Top Reasons Why PSI Testing is Crucial for Gauge Maintenance

Top Reasons Why PSI Testing is Crucial for Gauge Maintenance

Pressure gauges are vital to the performance and safety of industrial systems. Whether you have a water treatment, wastewater, or gas line application, ensuring that your meters perform at their peak levels is important.

One of the most common causes of gauge failure is vibration. Vibration is caused by the continuous oscillation of mechanical parts in a system.


Improved Accuracy

Pressure gauges are designed to be accurate, but even the most high-quality gauge can degrade in accuracy over time. This is why it’s crucial to verify your gauge’s calibration periodically through PSI testing Houston TX.

A gauge’s accuracy is based on how close the reading is to a set range of pressures, known as full scale (FS) or span. Some accuracy grades divide the range into quartiles, with the middle half being more accurate than the first or last quartile.

If the pressure gauge is used in a system prone to media clogging, use a diaphragm seal that isolates the pressure gauge’s internal parts from the process media. This will help prevent damage and clogging that may occur from media entry.

Reduced Maintenance Costs

Pressure gauges are used in a wide range of industries to monitor the functions and applications of various equipment. It is important to test them regularly to ensure they are in working order and performing at their best.

These devices are based on sensing elements like diaphragms, bourdon tubes, and springs that respond to pressure fluctuation.

They are critical to several industrial processes and functions, including hydraulics, gas and fluid pipelines, and spray nozzles. Inadequate or damaged gauges can cause various problems in these systems, including leakages and high-pressure buildup.

When selecting a gauge, consider its environmental factors, including the medium it will monitor and the ambient temperature. Temperature can have a dramatic effect on the accuracy of readings.

Improved Safety

Pounds per square inch (PSI) is a unit of pressure that measures an object’s force on a specified area. It’s most often used in pneumatic and hydraulic systems to measure the pressure of gases or liquids.

PSI is also used to measure materials’ tensile strength and elastic modulus.

Although the PSI has many advantages, a more important benefit is that it’s one of the most accurate ways to measure pressure in a gauge. That means that your gauge maintenance will be more efficient, and your equipment will be safer.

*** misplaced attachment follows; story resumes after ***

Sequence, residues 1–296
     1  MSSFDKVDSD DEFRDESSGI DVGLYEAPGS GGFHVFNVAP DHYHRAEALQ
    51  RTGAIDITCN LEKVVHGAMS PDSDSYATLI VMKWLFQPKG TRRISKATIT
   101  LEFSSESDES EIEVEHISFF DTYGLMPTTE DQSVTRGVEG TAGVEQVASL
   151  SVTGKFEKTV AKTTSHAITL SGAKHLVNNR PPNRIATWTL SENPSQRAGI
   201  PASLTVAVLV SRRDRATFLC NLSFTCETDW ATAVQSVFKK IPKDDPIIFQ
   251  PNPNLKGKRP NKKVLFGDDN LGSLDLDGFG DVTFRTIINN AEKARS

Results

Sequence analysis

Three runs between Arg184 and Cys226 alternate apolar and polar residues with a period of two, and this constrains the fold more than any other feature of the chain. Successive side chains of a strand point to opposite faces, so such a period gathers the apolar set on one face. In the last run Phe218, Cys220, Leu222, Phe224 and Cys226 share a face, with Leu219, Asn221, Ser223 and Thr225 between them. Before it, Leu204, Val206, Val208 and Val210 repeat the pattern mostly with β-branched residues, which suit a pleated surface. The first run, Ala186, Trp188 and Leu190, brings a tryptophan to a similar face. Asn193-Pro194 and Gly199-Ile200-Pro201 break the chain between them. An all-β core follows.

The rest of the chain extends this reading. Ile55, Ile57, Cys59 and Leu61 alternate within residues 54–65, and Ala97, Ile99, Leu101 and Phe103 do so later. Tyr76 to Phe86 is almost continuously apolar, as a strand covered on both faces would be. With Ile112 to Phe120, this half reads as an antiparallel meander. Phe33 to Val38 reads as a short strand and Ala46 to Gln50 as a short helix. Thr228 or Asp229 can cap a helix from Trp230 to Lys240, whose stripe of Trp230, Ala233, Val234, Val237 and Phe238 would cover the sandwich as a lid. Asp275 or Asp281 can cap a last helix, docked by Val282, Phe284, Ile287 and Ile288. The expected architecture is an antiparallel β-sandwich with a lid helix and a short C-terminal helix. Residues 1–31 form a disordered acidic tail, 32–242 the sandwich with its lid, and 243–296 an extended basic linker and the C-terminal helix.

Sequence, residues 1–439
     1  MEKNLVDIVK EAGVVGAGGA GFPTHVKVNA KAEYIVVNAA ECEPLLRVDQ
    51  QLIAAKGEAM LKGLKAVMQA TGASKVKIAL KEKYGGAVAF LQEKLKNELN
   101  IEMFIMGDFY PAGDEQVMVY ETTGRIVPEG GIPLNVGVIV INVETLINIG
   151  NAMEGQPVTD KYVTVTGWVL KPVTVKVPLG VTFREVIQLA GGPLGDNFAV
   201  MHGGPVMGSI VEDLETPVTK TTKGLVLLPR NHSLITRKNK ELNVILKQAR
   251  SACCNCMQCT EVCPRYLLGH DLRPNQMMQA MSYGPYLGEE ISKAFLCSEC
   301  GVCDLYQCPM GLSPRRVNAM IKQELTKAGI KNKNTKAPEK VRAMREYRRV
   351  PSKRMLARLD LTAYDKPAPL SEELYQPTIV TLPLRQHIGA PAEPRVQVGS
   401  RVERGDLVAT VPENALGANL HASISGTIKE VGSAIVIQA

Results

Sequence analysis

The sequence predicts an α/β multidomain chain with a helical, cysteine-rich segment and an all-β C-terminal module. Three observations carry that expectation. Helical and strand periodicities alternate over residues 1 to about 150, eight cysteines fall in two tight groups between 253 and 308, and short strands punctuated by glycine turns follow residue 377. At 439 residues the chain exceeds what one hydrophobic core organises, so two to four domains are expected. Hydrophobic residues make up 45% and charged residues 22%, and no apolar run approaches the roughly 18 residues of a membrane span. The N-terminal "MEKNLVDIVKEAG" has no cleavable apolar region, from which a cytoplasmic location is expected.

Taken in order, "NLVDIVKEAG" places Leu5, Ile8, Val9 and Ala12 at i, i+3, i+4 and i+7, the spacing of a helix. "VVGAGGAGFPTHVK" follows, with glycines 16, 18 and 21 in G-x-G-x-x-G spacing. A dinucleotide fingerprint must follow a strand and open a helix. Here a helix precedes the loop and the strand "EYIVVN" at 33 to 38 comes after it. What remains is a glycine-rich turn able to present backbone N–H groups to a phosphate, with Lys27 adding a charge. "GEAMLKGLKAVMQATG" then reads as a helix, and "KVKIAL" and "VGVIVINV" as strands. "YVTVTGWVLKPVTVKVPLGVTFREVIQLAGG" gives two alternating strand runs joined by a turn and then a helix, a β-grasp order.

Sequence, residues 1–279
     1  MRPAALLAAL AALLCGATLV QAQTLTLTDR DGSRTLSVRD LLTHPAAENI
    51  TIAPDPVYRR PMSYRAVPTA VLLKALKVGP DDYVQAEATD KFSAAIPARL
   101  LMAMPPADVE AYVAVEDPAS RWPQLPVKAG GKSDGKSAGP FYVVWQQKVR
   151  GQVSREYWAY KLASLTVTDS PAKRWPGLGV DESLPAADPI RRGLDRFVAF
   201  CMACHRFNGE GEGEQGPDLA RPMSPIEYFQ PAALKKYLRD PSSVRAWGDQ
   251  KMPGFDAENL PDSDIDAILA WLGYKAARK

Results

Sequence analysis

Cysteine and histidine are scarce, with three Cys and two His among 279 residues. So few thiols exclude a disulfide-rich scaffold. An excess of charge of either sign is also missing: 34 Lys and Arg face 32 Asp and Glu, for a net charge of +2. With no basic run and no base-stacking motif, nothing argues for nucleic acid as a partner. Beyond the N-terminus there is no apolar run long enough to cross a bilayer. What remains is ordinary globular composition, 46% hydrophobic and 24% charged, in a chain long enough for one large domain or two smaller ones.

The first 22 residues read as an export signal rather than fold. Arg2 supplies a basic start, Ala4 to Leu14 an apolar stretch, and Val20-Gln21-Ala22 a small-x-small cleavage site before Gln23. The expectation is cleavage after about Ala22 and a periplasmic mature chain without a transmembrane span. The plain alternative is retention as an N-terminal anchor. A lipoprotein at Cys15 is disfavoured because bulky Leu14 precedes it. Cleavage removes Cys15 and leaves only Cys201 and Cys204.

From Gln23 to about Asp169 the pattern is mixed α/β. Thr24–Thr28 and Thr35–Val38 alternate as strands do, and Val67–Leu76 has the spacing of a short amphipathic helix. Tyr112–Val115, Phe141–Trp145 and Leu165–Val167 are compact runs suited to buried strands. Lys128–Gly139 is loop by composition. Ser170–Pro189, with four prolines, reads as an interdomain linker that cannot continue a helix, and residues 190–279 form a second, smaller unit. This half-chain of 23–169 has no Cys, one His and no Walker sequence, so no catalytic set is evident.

Reduced Downtime

One of the top reasons we’re so passionate about PSI testing is that it can save techs a lot of time. With the ability to document tests on a chart recorder, technicians no longer have to write down pressure readings manually and can get their work done more quickly and efficiently.

In the past, technicians had to spend significant time writing down gauge readings and re-tracing their steps. This very labor-intensive process often resulted in errors and unnecessary downtime.

When selecting a pressure gauge for your application, it’s important to consider the working pressure and maximum system pressure. Ideally, the operating pressure should fall within the middle of the gauge’s range. This will help prevent inaccurate readings and a shorter gauge life.

Increased Productivity

Pressure gauges measure various parameters, including pneumatic, hydraulic, and liquid pressure. They are also used to measure tensile strength and elastic modulus.

One of the most common reasons for failure in pressure gauges is pulsation and vibration. These conditions can cause a meter to read inaccurately and damage the pointer mechanism.

Therefore, ensuring that the pressure gauge is not subjected to these conditions is important. This can be done by choosing a liquid-filled dial or a diaphragm seal that isolates the needle and internals from the vibrating pressure.

Another issue that can affect pressure gauges is misapplication. This can be caused by selecting the wrong pressure range for a system or not confirming that the maximum and operating system pressures are within the gauge’s pressure capacity.

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